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Electrochemical Power Sources, Fundamentals, Systems, and Applications: Hydrogen Production by Water Electrolysis offers a comprehensive overview about different hydrogen production technologies, including their technical features, development stage, recent advances, and technical and economic issues of system integration. Allied processes such as regenerative fuel cells and sea water electrolysis are also covered. For many years hydrogen production by water electrolysis was of minor importance, but research and development in the field has increased significantly in recent years, and a comprehensive overview is missing. This book bridges this gap and provides a general reference to the topic.
Hydrogen production by water electrolysis is the main technology to integrate high shares of electricity from renewable energy sources and balance out the supply and demand match in the energy system. Different electrochemical approaches exist to produce hydrogen from RES (Renewable Energy Sources).
- Covers the fundamentals of hydrogen production by water electrolysis
- Reviews all relevant technologies comprehensively
- Outlines important technical and economic issues of system integration
- Includes commercial examples and demonstrates electrolyzer projects
Academia (students/researchers, lecturers and professors) at university and other technical colleges; electrochemists, chemists, chemical engineers, electrical and mechanical engineers; developers and manufacturers of water electrolysis components and systems
1. The importance of water electrolysis for our future energy system
How many GWs do we need in the future
Scope until 2050 including 2030
ReMoD-D studies from Fraunhofer ISE should be included
2. Basics of water electrolysis
General principle of water electrolysis
Thermodynamics for both HT and NT water electrolysis in one chapter!!
Kinetic losses of AEL, PEMEL and HTEL
Comparison of efficiencies for HTEL and NTEL
3. Comparison with other hydrogen production processes
Steam reforming as current reference process but based on fossil fuels
Thermolysis (focus: thermochemical cycle as CSP with sulfur-iodine cycle)
Photobiological water splitting (e.g. in an algae bioreactor)
Photocatalytic water splitting
Fermentative hydrogen production
4. Historical outline of water electrolysis
Early developments in the 19th century
Industrial deployment in the first half of the 20th century
North America (USA and Canada)
Asia (Japan and China)
Europe (South Europe with Italy and Switzerland and North Europe with Belgium and Norway
East Europe (Russia and East Germany)
5. Alkaline water electrolysis (AWE)
General principle: half-cell equations
General cell layout
Materials on cell level
Performance data on cell level and system level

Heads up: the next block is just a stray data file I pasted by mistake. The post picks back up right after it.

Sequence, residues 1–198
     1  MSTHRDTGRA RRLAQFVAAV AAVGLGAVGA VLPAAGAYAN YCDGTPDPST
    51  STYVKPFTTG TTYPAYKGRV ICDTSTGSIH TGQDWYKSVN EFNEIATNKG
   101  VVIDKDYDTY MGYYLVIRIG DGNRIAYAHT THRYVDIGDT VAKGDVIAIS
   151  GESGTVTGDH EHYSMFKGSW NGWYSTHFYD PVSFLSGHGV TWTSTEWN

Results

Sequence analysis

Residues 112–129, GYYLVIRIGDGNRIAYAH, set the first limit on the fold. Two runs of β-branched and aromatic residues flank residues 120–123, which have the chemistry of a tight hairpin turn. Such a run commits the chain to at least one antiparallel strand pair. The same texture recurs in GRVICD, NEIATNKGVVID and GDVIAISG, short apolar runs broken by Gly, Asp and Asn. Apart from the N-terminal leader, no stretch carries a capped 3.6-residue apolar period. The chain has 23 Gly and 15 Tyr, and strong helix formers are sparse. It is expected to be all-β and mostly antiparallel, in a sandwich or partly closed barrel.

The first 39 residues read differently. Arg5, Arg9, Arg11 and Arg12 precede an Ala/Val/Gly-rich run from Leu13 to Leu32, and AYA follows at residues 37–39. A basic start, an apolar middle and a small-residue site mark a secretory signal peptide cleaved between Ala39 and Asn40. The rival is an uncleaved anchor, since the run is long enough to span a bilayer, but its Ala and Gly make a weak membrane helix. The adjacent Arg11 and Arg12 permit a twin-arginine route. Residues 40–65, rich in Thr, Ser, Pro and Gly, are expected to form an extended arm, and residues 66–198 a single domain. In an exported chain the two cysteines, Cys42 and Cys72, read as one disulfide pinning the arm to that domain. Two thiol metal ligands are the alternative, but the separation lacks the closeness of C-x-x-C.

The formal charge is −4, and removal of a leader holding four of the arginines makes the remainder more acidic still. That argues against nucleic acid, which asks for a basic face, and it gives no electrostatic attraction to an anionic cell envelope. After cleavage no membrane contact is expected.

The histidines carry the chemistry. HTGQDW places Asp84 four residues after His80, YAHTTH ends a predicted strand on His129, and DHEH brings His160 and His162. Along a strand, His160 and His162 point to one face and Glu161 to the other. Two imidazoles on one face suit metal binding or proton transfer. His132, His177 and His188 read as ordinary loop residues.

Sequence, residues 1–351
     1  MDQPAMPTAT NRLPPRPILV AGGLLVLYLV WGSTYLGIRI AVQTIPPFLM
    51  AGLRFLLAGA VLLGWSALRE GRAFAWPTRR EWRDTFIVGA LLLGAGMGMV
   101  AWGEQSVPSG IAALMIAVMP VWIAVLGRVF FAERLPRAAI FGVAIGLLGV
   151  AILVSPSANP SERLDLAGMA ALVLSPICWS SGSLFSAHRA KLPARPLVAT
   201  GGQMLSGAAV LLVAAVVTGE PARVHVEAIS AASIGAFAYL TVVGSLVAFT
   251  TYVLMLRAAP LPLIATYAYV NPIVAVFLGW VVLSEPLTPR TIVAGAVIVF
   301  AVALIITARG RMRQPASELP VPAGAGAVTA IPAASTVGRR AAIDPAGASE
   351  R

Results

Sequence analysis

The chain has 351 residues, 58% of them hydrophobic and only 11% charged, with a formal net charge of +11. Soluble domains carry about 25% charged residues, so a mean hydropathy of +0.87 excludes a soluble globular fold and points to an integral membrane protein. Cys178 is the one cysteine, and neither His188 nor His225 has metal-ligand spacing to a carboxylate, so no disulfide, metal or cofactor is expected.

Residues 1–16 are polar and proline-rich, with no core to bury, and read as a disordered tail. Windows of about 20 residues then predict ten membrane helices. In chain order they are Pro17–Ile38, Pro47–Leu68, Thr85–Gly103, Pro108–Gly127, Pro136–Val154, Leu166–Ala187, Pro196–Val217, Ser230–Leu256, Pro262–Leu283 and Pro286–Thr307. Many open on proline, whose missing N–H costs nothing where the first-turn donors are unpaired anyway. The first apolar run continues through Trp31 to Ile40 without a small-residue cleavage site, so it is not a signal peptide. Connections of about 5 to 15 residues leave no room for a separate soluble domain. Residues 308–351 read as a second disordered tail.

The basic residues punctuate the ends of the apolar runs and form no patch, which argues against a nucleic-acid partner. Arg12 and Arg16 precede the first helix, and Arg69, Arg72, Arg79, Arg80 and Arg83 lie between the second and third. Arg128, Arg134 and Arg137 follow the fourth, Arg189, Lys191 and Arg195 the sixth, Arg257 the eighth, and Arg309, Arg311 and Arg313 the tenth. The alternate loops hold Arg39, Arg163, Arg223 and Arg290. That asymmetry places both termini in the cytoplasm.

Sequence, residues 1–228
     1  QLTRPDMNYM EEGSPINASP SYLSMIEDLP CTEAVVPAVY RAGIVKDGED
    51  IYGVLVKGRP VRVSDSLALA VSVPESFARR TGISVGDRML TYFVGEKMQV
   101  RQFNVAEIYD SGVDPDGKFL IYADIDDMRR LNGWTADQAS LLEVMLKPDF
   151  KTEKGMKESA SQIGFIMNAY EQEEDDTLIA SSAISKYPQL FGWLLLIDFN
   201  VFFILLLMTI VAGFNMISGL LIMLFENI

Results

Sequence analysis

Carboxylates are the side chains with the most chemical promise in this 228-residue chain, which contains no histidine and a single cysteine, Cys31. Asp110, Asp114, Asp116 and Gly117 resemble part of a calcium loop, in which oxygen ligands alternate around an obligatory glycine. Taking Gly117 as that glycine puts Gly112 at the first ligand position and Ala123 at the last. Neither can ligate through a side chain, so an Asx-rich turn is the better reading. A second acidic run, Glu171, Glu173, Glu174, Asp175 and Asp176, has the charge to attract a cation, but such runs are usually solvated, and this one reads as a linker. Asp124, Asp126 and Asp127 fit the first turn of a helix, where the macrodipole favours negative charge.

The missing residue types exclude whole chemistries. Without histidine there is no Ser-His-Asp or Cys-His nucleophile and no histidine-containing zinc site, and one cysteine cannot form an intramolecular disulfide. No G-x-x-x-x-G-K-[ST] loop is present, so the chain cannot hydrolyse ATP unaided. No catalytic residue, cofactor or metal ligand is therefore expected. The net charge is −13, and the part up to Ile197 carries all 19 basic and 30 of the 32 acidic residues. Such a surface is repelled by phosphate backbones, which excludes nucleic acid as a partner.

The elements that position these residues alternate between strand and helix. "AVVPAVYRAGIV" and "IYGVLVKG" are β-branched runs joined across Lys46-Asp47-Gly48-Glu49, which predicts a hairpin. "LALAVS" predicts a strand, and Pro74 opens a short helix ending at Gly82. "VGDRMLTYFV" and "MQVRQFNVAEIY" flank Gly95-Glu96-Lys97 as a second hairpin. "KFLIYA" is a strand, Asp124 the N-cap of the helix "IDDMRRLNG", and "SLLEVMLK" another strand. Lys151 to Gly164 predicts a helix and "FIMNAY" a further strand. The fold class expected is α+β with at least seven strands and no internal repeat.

Degradation mechanism and life time
Highlights of recent years
Main activities (international industrial player)
Outlook of further and new concept
6. PEM water electrolysis (PEMWE)
7. High-temperature steam electrolysis (SOSE)
8. Chlor-alkali electrolysis
Short historical survey
9. Seawater electrolysis
10. Economics of water electrolysis
hydrogen production costs
Typical business models for water electrolysis
Deployment strategies for current and future market models
11. Regenerative FCs
separated and unified systems
12. Selected projects for system integration
one or two demo project per technology (e.g. power to gas)
AWE: 2 MW in Falkenhagen / Germany
PEMWE: 2 MW in Ontario / Canada
13. Hydrogen storage
All technologies to complement the book and the topics
- No. of pages:
- © Elsevier 2021
- 15th January 2021
- Paperback ISBN:
Tom Smolinka works at the Fraunhofer Institute for Solar Energy Systems ISE in Freiburg, Germany.
Fraunhofer Institute for Solar Energy Systems ISE, Freiburg, Germany
Prof. Dr. Jürgen Garche has more than 40 years of experience in battery and fuel cell research & development. In his academic career the focus was on material research. Thereafter, he worked on and directed cell and system development of conventional (LAB, NiCd, NiMH) and advanced (Li-Ion, NaNiCl2, Redox-Flow) batteries. His experience includes also fuel cells (mainly low temperature FCs) and supercaps. He established the battery & FC division of the ZSW in Ulm (Germany), an industry related R&D institute with about 100 scientists and technicians. His interest in battery safety goes back to the work with the very large battery safety testing center of the ZSW. In 2004 he founded the FC&Battery consulting office FCBAT; furthermore he is a senior professor at Ulm University.
Fuel Cell and Battery Consulting, Ulm, Germany
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